Against a background of increasing life expectancy and rapid
technological change conveying better information to patients
appears essential to provide patients with faster access to
high-quality and more appropriate healthcare. How could patients
get more reliable and high-quality information? Patient information
has many dimensions as reflected by the wide range of initiatives
at EU level. Such initiatives aim to address situations in which
there is an information gap or problems with access to the right
kind of information.
A couple of recommendations issued by the G10 Medicines Group
(May 2002) dealt with 'enhanced information' and 'patient
information leaflets'. A communication by the Commission, published
as a follow-up to the recommendations of the G10 report proposes a
number of practical steps to achieve better information to
patients. Among these, the establishment of a 'Public Private
Partnership', co-ordinated by DGs Public Health and Enterprise, for
the monitoring of the quality of existing information.
The recently concluded review of the EU's pharmaceutical
legislation also touched upon this subject. A proposal by the
Commission would have allowed industry to provide information on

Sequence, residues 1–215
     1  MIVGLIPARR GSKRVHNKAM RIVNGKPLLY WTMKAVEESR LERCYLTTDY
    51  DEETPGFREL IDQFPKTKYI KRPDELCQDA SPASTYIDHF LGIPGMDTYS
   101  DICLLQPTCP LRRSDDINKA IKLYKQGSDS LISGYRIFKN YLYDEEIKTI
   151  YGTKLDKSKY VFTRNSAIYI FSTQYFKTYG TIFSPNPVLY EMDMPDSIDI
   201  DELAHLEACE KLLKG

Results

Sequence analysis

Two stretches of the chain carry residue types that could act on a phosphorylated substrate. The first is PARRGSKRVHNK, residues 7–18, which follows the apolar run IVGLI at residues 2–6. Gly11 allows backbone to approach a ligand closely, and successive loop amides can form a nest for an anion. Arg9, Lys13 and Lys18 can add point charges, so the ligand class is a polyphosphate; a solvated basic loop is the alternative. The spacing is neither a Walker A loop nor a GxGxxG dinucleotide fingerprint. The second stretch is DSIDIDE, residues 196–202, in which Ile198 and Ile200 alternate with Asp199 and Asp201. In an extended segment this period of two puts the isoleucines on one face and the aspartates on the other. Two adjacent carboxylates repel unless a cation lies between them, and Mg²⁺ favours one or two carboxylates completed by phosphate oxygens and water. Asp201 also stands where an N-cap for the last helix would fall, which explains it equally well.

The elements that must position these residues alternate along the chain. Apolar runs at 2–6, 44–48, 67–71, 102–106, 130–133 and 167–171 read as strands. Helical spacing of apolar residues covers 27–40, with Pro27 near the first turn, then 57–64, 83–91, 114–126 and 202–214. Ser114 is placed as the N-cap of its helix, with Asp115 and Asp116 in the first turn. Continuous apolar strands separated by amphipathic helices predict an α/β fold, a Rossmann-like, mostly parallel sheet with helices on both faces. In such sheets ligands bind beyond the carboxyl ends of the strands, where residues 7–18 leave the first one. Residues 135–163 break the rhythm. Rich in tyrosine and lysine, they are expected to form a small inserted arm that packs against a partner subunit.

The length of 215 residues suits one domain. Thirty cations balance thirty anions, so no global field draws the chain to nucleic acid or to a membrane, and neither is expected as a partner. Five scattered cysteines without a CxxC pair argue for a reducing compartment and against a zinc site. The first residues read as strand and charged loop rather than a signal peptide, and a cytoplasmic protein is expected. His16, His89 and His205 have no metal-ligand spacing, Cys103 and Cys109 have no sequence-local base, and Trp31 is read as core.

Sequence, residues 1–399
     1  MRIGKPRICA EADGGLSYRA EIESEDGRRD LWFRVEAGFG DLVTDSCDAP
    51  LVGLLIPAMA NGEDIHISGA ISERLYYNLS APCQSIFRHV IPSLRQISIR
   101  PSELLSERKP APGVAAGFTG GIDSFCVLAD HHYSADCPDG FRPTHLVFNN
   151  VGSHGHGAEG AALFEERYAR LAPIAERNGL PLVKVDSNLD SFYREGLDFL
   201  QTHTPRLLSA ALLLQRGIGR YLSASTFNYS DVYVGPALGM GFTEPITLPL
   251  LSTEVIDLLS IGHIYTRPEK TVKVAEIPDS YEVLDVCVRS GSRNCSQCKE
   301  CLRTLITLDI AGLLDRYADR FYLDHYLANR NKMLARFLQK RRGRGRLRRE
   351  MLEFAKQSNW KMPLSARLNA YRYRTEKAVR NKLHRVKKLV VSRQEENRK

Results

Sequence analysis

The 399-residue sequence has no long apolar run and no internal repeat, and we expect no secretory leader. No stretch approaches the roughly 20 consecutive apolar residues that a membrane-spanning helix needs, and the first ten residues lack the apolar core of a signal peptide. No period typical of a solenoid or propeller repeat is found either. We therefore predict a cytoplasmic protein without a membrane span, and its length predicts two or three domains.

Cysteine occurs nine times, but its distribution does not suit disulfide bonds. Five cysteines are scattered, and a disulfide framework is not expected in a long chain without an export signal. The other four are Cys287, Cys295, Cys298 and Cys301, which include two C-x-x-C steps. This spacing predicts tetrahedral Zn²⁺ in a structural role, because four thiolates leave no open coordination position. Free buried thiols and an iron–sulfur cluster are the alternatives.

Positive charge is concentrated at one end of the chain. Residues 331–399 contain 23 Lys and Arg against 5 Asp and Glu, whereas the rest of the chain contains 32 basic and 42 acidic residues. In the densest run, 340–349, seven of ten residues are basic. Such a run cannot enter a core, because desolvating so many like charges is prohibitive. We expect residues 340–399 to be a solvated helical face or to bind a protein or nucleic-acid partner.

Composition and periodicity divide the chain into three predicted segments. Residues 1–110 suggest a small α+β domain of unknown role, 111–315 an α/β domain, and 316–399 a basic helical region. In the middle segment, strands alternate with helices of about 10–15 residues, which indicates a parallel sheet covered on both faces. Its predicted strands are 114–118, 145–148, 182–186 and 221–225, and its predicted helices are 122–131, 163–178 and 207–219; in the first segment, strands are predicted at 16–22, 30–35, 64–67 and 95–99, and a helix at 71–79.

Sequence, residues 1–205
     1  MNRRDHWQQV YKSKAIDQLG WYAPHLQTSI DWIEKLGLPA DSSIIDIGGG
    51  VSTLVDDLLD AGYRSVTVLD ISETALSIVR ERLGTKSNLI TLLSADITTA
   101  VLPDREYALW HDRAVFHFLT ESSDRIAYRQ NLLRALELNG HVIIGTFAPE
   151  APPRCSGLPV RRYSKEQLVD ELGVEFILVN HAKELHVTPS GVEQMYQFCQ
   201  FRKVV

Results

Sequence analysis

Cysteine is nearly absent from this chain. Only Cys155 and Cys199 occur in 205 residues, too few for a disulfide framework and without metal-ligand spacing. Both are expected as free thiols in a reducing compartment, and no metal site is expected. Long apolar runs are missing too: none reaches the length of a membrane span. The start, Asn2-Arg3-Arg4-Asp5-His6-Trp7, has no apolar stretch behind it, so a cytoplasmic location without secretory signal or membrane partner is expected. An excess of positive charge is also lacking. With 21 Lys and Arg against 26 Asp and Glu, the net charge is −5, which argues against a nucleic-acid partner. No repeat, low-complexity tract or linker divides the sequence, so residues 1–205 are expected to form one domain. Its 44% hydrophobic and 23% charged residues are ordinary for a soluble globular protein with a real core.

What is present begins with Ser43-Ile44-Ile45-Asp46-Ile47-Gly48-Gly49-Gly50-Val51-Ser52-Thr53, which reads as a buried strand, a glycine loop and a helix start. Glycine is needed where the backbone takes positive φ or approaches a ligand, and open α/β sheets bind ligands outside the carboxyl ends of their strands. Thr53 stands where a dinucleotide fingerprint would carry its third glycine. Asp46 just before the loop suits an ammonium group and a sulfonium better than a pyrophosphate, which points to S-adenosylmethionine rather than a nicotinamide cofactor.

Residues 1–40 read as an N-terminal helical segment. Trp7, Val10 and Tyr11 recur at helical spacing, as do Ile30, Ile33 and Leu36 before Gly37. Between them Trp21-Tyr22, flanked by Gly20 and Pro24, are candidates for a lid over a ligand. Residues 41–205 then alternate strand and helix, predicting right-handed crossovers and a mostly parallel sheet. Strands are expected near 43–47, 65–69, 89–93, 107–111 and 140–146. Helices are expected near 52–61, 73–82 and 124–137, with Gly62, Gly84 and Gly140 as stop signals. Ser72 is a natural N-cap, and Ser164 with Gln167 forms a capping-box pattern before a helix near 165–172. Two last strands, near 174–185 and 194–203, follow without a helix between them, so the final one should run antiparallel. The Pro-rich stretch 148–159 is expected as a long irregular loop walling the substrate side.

prescription drugs to cure AIDS, asthma and diabetes, directly to
patients. This proposal was, however, rejected by the European
A recent communication on patient mobility underlines a need to improve the
information available to patients on treatment options available in
other Member States and the rules governing the payment for such
treatments by one's national health insurer.
In a separate communication aiming to reduce social inequalities
regarding access to high-quality healthcare, the Commission has
proposed the application of the 'open method of coordination' in this area.
The Commission adopted an action plan on eHealth in April 2004 with a view to
improving the application of information and communications
technologies across a range of functions that affect the health
sector (including Internet-based applications, electronic health
records, telemedicine, etc.).
The European Medicines' Evaluation Agency (EMEA) has recently
completed a consultation
on the draft recommendations compiled by a working group with
patients organisations. The draft recommendations extend to areas
such as the transparency and dissemination of information, product
information and pharmacovigilance. The final recommendations will
be forwarded to the Commission for consideration.